A couple of months ago, I took a trip out east with a handful of Minnesota bands who were playing a showcase at the CMJ Festival. It was a whirlwind trip; we spent almost four times as much time on the bus as we did actually walking the streets of New York City proper. Most of the trip was spent talking to the musicians on the bus and watching them perform, but we were given one three-hour window of time to roam the city unfettered and I took advantage of it to the fullest extent possible.
As if by instinct, I just started walking. I'd never been to New York before, and I just wanted to see something, anything, that would make my short-lived trip to the Big Apple memorable.
I didn't immediately recognize The Dakota when we walked up alongside it, but it felt hauntingly familiar. My companion quietly turned to me and told me that it was the building where John Lennon was shot. At that moment, it felt like someone had punched me in the gut. I held my breath, taking it all in.
We walked a little further north before turning and heading directly into Central Park, winding down a path that ran next to a beautiful pond and eventually heading into a small, serene patch of forest. A small sign read "Strawberry Fields." It was so quiet. There was music playing softly, so we headed into the gathering of trees to see where the acoustic guitar was coming from. By the time we got to the clearing, by the time the tiled "Imagine" memorial was visible, by the time I realized exactly where we were, it started to hit me hard. There was a huge lump in my throat and tears stinging my eyes.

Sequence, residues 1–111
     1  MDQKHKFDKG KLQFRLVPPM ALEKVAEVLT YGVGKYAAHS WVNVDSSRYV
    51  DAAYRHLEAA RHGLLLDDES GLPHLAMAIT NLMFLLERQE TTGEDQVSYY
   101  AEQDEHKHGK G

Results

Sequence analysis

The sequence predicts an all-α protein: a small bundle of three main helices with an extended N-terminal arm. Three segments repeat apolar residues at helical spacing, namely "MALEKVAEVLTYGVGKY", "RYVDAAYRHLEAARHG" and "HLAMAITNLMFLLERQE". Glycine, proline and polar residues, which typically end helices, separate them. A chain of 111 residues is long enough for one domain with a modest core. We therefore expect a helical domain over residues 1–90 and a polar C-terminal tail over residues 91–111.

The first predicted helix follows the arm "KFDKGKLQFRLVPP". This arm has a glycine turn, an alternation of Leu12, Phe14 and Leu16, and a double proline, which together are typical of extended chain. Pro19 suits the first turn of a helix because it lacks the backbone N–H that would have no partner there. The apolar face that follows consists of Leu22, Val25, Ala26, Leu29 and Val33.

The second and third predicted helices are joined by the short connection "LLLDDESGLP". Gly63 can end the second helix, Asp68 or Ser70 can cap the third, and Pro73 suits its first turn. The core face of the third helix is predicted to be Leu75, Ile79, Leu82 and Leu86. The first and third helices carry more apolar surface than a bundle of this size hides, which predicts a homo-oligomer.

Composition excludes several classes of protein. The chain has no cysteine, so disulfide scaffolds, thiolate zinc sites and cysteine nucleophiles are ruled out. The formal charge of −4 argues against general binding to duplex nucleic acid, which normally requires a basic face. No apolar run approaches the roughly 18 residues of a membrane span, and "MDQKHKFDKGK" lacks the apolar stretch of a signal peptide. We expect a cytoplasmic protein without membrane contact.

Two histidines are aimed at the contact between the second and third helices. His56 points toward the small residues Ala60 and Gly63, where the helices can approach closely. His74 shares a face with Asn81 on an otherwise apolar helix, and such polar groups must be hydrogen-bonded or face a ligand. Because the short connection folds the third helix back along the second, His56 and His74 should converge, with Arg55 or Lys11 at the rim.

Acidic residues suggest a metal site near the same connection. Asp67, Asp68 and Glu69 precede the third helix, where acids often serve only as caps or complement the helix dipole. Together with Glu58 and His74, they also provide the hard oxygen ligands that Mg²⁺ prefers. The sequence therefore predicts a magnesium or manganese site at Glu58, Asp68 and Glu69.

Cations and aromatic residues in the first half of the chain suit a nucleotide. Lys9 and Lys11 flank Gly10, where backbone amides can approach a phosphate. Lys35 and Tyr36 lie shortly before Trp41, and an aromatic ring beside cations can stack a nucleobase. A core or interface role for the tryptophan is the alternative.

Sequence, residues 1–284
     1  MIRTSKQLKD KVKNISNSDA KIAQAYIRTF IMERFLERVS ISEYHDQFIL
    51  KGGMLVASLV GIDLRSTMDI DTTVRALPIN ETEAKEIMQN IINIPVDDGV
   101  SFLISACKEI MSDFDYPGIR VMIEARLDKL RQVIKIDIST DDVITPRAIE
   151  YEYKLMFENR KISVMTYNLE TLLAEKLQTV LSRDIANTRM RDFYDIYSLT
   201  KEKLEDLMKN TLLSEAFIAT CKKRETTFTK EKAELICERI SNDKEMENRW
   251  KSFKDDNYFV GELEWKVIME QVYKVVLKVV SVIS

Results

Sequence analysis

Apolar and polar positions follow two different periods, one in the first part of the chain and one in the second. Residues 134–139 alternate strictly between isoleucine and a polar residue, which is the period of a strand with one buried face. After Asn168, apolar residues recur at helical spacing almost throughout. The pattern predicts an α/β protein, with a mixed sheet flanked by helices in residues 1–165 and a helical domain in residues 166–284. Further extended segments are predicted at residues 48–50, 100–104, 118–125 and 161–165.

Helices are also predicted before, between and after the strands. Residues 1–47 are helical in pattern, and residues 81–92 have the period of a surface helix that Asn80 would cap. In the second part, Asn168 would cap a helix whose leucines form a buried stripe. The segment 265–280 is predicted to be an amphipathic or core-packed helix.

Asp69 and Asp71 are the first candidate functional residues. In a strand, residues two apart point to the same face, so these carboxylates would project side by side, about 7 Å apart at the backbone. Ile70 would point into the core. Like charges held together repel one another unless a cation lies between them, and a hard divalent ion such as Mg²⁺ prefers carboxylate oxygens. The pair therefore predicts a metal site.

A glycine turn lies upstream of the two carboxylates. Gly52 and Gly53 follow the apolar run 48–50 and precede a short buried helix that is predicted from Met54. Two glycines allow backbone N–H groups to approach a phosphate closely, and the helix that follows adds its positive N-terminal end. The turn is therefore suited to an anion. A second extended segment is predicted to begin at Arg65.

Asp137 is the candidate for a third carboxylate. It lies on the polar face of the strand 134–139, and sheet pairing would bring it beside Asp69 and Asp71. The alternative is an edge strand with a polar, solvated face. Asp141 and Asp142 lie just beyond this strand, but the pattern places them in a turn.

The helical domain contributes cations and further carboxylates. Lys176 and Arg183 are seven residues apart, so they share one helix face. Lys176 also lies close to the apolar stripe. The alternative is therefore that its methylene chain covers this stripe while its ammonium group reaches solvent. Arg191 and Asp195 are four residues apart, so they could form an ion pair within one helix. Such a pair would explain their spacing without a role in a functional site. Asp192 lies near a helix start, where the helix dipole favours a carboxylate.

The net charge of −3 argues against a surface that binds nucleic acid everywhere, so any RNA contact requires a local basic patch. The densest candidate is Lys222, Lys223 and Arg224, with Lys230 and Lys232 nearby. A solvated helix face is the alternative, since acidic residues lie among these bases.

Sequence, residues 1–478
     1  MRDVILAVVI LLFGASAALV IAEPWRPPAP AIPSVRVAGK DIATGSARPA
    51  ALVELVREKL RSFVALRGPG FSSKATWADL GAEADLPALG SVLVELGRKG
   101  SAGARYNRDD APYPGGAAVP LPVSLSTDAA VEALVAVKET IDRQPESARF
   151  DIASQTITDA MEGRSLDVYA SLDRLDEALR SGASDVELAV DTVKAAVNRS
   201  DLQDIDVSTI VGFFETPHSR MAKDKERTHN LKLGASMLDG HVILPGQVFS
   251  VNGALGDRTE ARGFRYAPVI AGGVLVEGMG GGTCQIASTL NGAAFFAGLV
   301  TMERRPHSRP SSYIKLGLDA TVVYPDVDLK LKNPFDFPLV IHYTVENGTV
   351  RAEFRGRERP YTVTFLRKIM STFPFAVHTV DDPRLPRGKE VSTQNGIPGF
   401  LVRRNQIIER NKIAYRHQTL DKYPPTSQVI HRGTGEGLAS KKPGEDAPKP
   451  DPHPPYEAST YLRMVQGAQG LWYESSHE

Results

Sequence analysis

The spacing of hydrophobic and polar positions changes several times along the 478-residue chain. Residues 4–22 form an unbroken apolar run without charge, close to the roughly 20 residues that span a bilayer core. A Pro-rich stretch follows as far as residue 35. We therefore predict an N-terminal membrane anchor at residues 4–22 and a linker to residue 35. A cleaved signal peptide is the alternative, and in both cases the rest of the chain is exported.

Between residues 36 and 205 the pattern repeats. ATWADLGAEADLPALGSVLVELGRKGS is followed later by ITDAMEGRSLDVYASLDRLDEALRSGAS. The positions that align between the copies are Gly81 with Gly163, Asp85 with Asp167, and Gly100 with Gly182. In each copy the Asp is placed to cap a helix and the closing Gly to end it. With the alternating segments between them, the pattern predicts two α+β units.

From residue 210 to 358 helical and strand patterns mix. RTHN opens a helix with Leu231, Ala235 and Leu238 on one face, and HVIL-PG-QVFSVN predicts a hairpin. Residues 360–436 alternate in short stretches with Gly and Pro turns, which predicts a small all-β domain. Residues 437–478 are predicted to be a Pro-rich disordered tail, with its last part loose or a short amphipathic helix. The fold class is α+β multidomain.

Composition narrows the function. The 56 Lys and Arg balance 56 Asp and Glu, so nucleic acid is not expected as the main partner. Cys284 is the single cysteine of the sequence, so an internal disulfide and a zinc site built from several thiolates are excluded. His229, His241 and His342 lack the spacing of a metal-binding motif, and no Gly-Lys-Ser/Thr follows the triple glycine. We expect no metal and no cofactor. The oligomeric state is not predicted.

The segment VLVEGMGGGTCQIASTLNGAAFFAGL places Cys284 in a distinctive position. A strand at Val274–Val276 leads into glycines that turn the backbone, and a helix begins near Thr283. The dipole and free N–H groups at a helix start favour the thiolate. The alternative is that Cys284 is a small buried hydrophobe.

Two men with long beards fumbled through a duet of "Two of Us." A small gathering of people stood around the memorial, some crying, some taking pictures. I did both. The meaning of the word palpable took on a whole new weight. There was something living in that park, around that memorial, and I'll never forget the lump in my throat and the feelings of immense sadness and respect and peace.
I wasn't alive the year John Lennon died. I can't even begin to imagine what it was like. But every year on the anniversary of his death, I know that Curtiss A will be at First Avenue doing his best to channel the spirit of Lennon and keep his legacy alive. For those who've never been, it's always a phenomenal night; Curt invites a rotating cast of his best musical pals up on stage to play note-perfect, soulful renditions of Lennon's best work, with set lists sometimes numbering 50 or 60 songs. And Curt never tires, despite the fact that this will be the 29th year he has performed such a show.
For a glimpse into the fierce, frenzied mind of Curtiss A, check out this interview Jim Walsh just reposted of a 2000 phone conversation between Curt, Walsh, and Yoko Ono. (And to dive into my own history books, here's a review I wrote of the John Lennon tribute from 2005 on HowWasTheShow.com.)
The 29th Annual John Lennon Tribute Show featuring Curtiss A takes place tonight at First Avenue. 18+. $12. 6:30 doors.